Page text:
Joel Slaven has been working with exotic animals for more than forty years. In 1997, he created Joel Slaven's Professional Animals, Inc., which is now the world's largest producer of domestic animal shows. He employs some 70 trainers and has rescued roughly 400 cats and 350 dogs, among other animals. He is preparing to launch Pets Ahoy!, his latest show, at SeaWorld San Antonio this summer, where the venue will seat 600 guests per show up to six times a day.
Huffington Post Travel caught up with Slaven via phone to discuss what actually goes on behind the scenes of an animal-based show.
HPT: How do you go about staffing a show?
JS: For Pets Ahoy! we visited shelters mostly in Florida and some in Ohio and Texas. We look for animals that are at least a year old, as puppies and kittens are the most adoptable. And if they are one to three years old, we can start working with them immediately. We go to the shelters and test the animals for tactile response and food and ball drive -- i.e. do they love treats? Do they like to play fetch? The perfect candidates are between one and four years old, they eat anything, they like it when you pet them and they play fetch (if they're a dog). We don't look for specific breeds.
HPT: How long does it take for a show to come together?
JS: For shows, we first write a script and we go through it with what behaviors we need or what tricks need to be done. Generally speaking, the less adoptable an animal is to the average family, the more attractive it is to us. It takes about a year for a show to be put together, including six to seven months of training before an animal goes to the park.
HPT: Describe a day in the life of a trainer.
JS: The show is only a small part of their day. For sea mammal trainers, they're responsible for carrying buckets of frozen fish; for other trainers, they're responsible for carrying kennels. The trainers are responsible for exercising with the animals, grooming and trimming them, giving them their medicine and setting up for the show. Trainers works 12 to 13 hours a day, six days a week. Mostly they clean, and weigh every animal every single day for two reasons. One, if an animal gets sick, we need to able to know to alert the vet. Two, it's preventative; that way we'll know if they need to go on a diet or be de-wormed. Our trainers live and work with the animals. They're in charge of taking care of them after they retire or the show keeps the animals until they can find a suitable home for them.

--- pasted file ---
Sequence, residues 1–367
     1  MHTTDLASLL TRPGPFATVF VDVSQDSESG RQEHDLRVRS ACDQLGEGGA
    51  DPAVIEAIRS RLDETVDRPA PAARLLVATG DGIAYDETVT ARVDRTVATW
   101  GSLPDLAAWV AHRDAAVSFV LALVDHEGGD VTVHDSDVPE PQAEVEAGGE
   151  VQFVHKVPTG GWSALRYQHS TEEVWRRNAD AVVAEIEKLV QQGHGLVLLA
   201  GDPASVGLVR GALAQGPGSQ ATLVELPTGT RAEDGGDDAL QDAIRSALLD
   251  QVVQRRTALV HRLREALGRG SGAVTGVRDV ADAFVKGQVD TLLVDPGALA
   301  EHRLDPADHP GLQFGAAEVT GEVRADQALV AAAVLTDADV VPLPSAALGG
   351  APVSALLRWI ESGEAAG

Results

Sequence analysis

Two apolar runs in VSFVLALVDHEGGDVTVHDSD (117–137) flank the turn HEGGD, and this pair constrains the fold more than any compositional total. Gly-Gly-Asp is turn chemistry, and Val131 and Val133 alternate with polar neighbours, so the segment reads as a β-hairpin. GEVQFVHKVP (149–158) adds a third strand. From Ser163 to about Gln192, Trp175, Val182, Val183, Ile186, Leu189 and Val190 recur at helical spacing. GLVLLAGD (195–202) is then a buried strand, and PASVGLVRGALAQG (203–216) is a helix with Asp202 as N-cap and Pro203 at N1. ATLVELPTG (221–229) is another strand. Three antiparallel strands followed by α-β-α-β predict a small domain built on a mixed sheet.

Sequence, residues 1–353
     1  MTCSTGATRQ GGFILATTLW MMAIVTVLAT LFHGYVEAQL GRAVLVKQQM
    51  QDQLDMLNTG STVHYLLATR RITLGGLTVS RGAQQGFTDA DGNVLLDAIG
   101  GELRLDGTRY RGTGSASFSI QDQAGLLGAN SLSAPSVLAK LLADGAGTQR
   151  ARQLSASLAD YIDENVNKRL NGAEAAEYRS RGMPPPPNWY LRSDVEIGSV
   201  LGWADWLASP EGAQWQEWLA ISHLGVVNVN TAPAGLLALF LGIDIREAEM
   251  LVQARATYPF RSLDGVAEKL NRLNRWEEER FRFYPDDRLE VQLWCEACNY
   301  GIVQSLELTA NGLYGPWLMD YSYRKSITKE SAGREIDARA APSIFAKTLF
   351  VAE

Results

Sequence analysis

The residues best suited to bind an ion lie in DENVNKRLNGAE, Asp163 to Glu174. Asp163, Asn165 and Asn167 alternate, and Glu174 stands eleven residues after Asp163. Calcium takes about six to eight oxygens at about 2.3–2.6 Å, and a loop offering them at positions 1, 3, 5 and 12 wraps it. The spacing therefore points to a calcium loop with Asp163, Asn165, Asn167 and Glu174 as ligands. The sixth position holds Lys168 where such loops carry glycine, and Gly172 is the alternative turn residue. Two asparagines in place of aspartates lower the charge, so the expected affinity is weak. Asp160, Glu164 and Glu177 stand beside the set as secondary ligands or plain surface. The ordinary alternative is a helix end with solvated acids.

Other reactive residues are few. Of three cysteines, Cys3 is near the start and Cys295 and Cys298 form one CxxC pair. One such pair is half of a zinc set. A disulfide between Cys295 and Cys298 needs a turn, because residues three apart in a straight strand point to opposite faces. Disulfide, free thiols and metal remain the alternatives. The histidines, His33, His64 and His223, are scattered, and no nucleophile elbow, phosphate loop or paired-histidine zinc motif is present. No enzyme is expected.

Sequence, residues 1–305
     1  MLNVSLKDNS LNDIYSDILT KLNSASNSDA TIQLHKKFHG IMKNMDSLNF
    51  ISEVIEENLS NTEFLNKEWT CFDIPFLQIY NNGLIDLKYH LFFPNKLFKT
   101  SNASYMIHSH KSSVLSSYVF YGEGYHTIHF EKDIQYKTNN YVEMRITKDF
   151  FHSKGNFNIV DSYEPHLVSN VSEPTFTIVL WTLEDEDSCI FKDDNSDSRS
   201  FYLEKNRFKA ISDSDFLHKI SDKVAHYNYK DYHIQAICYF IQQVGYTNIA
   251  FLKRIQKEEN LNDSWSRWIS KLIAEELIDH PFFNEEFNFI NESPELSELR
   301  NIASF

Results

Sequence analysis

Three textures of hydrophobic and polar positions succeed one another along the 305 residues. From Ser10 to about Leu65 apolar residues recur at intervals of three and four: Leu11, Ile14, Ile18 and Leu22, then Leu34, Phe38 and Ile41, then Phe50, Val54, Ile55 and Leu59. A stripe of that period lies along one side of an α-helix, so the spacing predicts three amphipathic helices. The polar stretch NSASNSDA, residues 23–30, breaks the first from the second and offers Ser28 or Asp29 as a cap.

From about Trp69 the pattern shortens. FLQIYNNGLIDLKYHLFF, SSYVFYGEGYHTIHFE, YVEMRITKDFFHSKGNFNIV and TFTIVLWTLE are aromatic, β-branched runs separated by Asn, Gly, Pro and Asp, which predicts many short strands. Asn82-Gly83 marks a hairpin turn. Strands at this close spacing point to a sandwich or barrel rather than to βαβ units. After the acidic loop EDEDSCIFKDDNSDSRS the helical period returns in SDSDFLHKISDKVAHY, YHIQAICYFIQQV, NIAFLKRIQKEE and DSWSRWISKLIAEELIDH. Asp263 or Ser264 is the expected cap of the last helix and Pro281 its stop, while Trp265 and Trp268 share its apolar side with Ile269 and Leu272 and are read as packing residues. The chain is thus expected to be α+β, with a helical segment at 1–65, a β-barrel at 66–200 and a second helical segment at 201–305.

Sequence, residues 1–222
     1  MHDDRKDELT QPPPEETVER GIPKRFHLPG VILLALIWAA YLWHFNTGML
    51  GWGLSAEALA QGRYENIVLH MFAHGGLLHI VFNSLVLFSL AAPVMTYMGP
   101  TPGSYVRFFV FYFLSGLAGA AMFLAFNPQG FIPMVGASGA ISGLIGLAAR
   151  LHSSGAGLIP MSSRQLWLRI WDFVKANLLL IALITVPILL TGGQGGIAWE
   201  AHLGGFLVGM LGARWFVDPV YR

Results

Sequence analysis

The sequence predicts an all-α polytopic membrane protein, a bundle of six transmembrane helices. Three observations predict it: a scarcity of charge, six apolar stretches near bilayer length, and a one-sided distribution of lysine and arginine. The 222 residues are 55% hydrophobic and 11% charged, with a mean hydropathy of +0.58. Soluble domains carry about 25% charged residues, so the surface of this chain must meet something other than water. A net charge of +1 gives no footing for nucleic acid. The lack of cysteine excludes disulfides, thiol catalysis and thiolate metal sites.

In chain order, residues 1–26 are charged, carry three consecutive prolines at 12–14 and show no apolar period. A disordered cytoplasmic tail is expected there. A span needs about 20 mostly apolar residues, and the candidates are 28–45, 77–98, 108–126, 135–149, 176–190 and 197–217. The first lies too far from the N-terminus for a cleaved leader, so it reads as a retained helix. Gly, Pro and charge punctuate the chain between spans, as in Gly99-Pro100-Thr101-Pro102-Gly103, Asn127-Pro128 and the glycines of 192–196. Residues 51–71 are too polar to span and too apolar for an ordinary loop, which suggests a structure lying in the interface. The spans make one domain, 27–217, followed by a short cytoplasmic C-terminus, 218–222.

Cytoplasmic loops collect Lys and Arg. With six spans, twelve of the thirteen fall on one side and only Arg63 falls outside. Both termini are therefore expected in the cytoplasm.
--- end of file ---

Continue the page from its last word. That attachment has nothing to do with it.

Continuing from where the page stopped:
HPT: How many shows do you do a day?
JS: Trainers with our shows -- we have eleven on staff -- do three to six shows per day depending on how many people the venue seats and the time of the year...In outdoor venues, we don't do shows above 90 degrees.
HPT: What's something people might not know about shows?
JS: At the Columbus Zoo we work with a small African primate called a bush baby. What people might not realize is that that animal wears a waistband that has a 20 foot long leash. If one jumped away, the trainers would be able to control them. Also, our animals receive much better veterinary, diet and exercise care than people think. These trainers are with the animals 10 to 12 hours a day; how many people spend that much time with their pets?
HPT: How has animal training changed since you started?
JS: Not a lot of people do what I do anymore. I worked on "Ace Ventura Pet Detective" and trained all the animals, which took a month. But with computers these days, directors can do it all technologically in one day.